6 Likes Agree with you except for “simple very basic service of a battery change”. The rechargeable battery is a sealed, integral part of the electronics and takes much time of a trained technician to replace. Therefore it is expensive and is usually accomplished by just replacing the complete instrument. Our only recourse to keep our expensive hearing aids alive for 10 years is to learn to do the battery replacement ourselves.


Well Oticon managed to do it with just a pin and battery door, why can’t the rest do this, I wouldn’t put a lot into this “sealed” so must be done that way, I’ve had plenty of zinc air disposal models over the years and haven’t had any to worry about the battery not being “sealed”


My audi recommends replacing my batteries under warranty at two years, if needed. Certainly at three. My audi suggest doing both, under warranty. Why not? he says. In some cases, Signia seems to just send out new aids rather than bother replacing the batteries Whoo hoo! . In any case, worst case, I’ll get six years of battery life out of my Signia 7s, free. I pay nothing for batteries for six years. Then if I need to pay to replace my batteries after six years, so be it. I would have spent more if I were buying replaceable aids. and of course, I may just want new aids at six years anyway.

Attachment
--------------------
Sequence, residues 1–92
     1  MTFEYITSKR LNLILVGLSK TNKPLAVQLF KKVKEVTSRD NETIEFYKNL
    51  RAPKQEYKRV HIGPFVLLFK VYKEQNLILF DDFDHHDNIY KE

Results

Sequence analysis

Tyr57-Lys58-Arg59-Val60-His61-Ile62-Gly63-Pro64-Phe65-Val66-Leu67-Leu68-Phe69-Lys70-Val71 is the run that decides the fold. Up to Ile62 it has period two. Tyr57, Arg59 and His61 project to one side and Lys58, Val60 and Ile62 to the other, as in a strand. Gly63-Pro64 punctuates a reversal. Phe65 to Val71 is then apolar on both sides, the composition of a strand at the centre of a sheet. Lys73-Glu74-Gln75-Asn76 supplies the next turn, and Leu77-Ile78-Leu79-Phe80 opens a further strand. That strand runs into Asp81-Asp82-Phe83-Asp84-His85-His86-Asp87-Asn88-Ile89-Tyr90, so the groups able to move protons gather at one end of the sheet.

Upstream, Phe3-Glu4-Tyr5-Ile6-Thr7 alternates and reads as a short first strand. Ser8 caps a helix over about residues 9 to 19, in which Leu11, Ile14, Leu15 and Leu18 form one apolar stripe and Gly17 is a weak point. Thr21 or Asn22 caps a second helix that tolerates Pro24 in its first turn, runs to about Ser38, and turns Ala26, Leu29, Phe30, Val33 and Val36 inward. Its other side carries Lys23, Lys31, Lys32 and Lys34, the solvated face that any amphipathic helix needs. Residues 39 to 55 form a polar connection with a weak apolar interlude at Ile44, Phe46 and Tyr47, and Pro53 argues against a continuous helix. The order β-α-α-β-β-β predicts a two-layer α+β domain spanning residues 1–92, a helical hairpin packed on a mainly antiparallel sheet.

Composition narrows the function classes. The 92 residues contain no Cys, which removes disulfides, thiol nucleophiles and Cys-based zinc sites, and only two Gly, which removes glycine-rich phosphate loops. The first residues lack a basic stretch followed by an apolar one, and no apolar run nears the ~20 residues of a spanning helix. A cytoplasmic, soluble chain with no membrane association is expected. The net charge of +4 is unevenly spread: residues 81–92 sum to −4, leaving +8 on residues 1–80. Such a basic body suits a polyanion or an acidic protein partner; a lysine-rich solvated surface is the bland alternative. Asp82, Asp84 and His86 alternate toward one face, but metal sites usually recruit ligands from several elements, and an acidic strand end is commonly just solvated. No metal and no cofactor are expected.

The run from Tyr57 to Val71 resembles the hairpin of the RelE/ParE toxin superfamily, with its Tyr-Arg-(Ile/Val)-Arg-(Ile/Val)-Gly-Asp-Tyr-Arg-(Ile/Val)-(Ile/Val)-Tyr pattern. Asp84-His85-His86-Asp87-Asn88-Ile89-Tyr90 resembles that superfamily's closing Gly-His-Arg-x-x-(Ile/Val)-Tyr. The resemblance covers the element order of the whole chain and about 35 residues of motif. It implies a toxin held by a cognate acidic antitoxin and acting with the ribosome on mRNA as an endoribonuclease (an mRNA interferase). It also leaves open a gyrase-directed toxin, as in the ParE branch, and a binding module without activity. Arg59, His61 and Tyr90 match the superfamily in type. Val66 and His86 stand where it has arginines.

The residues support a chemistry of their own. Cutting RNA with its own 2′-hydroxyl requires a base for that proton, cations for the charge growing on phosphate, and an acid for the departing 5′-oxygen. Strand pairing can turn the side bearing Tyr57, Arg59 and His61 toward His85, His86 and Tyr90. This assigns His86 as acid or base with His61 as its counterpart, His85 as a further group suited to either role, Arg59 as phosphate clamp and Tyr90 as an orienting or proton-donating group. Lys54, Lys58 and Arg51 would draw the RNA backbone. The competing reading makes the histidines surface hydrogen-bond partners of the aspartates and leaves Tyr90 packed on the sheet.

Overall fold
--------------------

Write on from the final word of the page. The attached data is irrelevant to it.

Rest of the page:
Given all that, I don’[t at all see how rechargeables reduce the life of HAs. How? Actually, I like the fact that my aids are sealed better than replaceable batteries.

Maybe I wasn’t clear. Rechargeables reduce the life of your HA’s to about 3 years … if you don’t do something about it.
I, too suggest getting new batteries just before the warranty expires and extend your useful life to about 6 years. If you want to keep your HA’s longer than that then you need to learn to replace the batteries yourself.